Business Today

Bots Rise

How much can companies rely on bots?
Sonal Khetarpal | Print Edition: November 19, 2017
Bots Rise

Brands and businesses are increasingly using chatbots to connect with their customers - either for customer care or marketing. Gartner predicts that AI technology will become pervasive across software products and services by 2020. It will be among the top five investment priorities for more than 30 per cent of CIOs.

Today, brands are letting bots answer customer queries over chats, 24 hours a day, seven days a week. This helps the company save money and lets employees focus on more significant work. Bots also help accumulate user data and trends over a period of time. Neil Shah, Research Director, Counterpoint Technology, explains: "When a customer service executive, who has acquired the skills to deal with customers over time, quits, all the intelligence is lost; whereas the insights acquired by bots go into the company's repository."

Bots are being employed by brands for sales, too. Starbucks has a chatbot in its app for customers to place orders via voice command or chat. Facebook, too, has opened up Messenger for companies to build bots and converse with users directly. Bots are particularly useful in digital marketing and analytics to tweak market campaigns in real time, resulting in more ROI for ad spends.

However, it's still early days. Bots are only being used for monotonous tasks that require minimum human intervention, says Rakesh Barik, Partner, Deloitte India. "It is the machine intelligence bit that will let bots mimic human behaviour; that is still in the works," he adds.

Initial tests in the AI space have not been encouraging. Microsoft had to take down its AI bot on Twitter, called Tay, when it started posting offensive remarks. Until major headway is made, experts suggest that critical work be handled by humans and only those tasks that do not require judgment calls be assigned to bots.

Open for Scrutiny

Social media platforms' metrics to measure the impact of advertising on their platforms has been a bone of contention among digital marketers for their lack of transparency. Twitter has finally opened up its ad business to an audit from the Media Rating Council (MRC), the industry group that manages accreditation for media research and rating. "Twitter formally agreed to submit a set of key measurement metrics for MRC accreditation consideration, and has begun the first phase of the accreditation process," the MRC said. MRC will look at Twitter's data feed to analyse how precisely the company reports ads and impressions. It will also audit third-party data firms that brands use to handle Twitter metrics.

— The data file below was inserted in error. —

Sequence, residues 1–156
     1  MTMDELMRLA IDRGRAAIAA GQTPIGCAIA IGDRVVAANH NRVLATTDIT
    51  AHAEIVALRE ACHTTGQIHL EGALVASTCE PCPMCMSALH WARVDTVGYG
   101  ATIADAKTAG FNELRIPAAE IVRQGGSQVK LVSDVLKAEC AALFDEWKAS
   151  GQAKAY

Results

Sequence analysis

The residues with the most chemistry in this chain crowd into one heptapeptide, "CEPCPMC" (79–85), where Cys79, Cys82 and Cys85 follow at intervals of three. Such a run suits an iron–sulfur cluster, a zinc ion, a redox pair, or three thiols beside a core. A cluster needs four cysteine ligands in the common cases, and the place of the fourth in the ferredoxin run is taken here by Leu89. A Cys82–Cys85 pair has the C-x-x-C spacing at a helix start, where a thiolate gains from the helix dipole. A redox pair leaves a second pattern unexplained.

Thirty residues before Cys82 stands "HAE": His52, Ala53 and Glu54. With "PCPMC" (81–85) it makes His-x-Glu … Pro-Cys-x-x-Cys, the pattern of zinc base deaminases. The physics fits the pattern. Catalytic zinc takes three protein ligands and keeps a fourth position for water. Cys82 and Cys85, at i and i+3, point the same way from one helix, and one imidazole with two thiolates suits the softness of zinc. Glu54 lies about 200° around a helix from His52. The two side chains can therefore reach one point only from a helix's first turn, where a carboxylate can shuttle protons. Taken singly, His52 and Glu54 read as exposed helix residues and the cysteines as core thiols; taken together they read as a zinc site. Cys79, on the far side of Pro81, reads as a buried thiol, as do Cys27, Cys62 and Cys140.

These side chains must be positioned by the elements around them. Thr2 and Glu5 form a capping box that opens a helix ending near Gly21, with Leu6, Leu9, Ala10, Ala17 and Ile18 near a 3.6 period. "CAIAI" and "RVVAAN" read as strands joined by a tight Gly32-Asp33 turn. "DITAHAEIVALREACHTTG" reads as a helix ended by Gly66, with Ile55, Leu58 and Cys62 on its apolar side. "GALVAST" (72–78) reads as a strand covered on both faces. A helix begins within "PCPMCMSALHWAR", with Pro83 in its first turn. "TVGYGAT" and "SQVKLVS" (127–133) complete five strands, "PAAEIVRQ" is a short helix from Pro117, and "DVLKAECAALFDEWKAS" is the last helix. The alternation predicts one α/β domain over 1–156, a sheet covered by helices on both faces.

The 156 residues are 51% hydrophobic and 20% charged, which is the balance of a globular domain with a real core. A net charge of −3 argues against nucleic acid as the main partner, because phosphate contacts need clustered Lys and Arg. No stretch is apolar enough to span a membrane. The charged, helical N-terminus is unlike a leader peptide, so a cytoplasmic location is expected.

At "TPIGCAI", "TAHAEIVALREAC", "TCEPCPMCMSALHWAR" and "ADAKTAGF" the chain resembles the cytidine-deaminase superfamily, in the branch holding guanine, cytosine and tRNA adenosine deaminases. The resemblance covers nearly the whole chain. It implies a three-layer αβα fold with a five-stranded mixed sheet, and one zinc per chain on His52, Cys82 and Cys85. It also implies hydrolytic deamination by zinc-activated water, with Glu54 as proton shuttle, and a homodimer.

Test Mode

Facebook is testing out a new News Feed feature in six countries that will move posts from publishers and other pages into a separate 'Explore Feed'. This would require publishers to pay for their posts to be featured in the main News Feed. The company said the goal of this test is "to understand if people prefer to have separate places for personal and public content". However, the company says it is still piloting the feature and will see if it's an idea worth pursuing further.

The global chatbot market is expected to reach $1.25 billion by 2025, growing at a CAGR of 24.3 per cent, according to a report by Grand View Research

Now, go live with a friend on Instagram

Instagram has introduced a new video feature called 'Go Live With' that allows users to add friends in to live broadcasts. The two broadcasts will appear simultaneously, and appear in split screen like a face-to-face video stream. The feature allows only two people to go live together. The owner of the broadcast can also remove the guest and add someone else. It's been less than a year since Instagram rolled out its live-streaming service to users around the globe. This new feature is a part of Instagram's overall strategy as it competes with the live broadcasting feature of other social networks.

A year after Facebook launched its Workplace software to support chat and collaboration within companies and non-profits, the tool is now used by more than 30,000 organisations

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